The act of trying to professionally help people is both rewarding and frustrating. Rewarding because I can make a meaningful difference in people’s day-to-day lives. Frustrating because I attempt to unravel people’s acute and chronic issues, that may have taken them a lifetime to develop, in a matter of our thirty minutes together. I enjoy teaching people, but their willingness to be taught varies on their situation, their personality, and their ability to pay for my ongoing services. After twenty-years as a physiotherapist and a lifetime of personal injuries, I have a wealth of experience to share with my clients, but I need to pick and choose what they are ready to hear in any given thirty-minute appointment. I wrote my first book as a cathartic means of processing my own trauma. I wrote my second book to help fill in the gaps of knowledge that people don’t actively seek out when they are uncomfortable.
Why We Hurt: Understanding How To Be Comfortable In Your Own Body will be available in paperback, audiobook and Kindle formats. It is my means of teaching people about the role stress, anxiety, and fear play in their physical experiences of discomfort. I address the imperfect nature of our world, the fear that is created within our medical systems, and answer the question: why don’t they teach us this in school? I believe that individuals need to better understand the messages of their bodies and put more effort into learning about how the systems work around them. I wrote this book to help people learn about how their bodies actually work and to ease my own challenge of not being able to teach every client everything that I think they would benefit from knowing.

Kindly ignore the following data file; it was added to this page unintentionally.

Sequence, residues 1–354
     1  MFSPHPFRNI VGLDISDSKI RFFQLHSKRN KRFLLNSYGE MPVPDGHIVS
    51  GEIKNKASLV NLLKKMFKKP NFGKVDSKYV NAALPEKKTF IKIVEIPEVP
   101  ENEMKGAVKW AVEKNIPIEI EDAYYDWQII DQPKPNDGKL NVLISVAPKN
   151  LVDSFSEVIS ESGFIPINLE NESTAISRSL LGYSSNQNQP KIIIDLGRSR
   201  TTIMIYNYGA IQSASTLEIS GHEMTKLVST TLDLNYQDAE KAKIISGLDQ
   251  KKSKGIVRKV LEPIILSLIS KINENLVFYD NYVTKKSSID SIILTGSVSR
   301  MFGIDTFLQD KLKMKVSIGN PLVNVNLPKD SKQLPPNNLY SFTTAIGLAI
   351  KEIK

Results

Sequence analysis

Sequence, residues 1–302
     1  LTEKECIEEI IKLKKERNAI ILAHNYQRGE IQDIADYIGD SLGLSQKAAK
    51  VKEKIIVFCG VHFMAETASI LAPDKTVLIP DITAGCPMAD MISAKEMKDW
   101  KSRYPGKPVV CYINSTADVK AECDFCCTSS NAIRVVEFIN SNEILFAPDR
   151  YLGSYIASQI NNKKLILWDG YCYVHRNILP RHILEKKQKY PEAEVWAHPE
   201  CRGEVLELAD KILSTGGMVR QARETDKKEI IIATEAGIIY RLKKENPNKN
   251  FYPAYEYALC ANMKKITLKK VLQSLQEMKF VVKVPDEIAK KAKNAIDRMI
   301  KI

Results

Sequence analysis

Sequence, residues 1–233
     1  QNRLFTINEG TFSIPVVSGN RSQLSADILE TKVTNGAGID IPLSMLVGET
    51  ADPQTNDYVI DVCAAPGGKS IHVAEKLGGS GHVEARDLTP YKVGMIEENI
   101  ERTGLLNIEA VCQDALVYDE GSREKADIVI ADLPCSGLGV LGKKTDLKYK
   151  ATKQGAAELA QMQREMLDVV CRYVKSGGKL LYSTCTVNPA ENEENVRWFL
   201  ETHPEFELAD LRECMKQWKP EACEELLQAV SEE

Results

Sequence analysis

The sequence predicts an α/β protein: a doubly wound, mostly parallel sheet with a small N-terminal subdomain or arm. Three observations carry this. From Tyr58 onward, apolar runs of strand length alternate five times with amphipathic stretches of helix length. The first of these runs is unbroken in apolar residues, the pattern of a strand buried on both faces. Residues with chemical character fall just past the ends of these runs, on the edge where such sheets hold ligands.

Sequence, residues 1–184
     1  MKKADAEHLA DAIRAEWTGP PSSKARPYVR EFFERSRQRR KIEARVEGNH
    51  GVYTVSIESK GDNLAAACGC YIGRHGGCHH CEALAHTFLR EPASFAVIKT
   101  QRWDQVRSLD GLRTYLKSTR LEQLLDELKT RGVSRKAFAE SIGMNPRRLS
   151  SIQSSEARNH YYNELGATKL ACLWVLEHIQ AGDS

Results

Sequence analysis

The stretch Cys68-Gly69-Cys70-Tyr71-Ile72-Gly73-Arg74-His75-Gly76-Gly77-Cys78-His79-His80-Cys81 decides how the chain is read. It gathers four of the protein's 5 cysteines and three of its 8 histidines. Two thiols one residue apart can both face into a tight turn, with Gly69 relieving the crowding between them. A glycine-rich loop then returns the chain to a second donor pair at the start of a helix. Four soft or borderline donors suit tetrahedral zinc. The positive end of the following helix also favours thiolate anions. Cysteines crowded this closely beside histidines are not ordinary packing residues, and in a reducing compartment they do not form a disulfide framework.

I expand on my lessons in Why Things Hurt by sharing my thoughts on consciousness, little-T trauma, psychedelic-assisted therapies, posture, movement, dry needling, and visceral manipulation. The book is tied together with real life stories and accessible explanations of anatomy, injury, and healing. I am also putting together an online course that will pair with the book to act as a resource for parents and teachers to help their children create a better awareness of their physical and mental wellbeing.
Gabor Mate, MD, Author, The Myth of Normal: Trauma, Illness and Healing in a Toxic Culture
"People experience the world through their bodies," Brent Stevenson writes in this remarkable book, but as an innovative physiotherapist he has witnessed all too often just how out of touch humans can be with their bodies, as with the emotions that tense up and limit the movements of those bodies, causing pain, fear and even disability. In plain English Why We Hurt explains how our minds, memories, brains, muscles, ligaments, viscera, and connective tissue interact in subtle ways to foster suffering, origins and healing of which transcend the narrowly mechanical views of conventional medicine. Stevenson's understanding of these dynamics is keenly insightful, his many case histories are fascinating, and his explanations are clear and illuminating.
Dr. Pamela Kryskow, MD, Medical Lead Roots to Thrive Program
Brent's book skillfully integrates a holistic approach to restoring human health, seamlessly weaving together physical and emotional well-being. By demonstrating through case studies how clinicians can effectively attend to all aspects of a person's health, the book emphasizes the importance of recognizing and addressing all clues to facilitate patients' journey back to wellness. Additionally, the book explores the evolving role of psychedelic medicine in this holistic approach, acknowledging its potential as evidence continues to accumulate.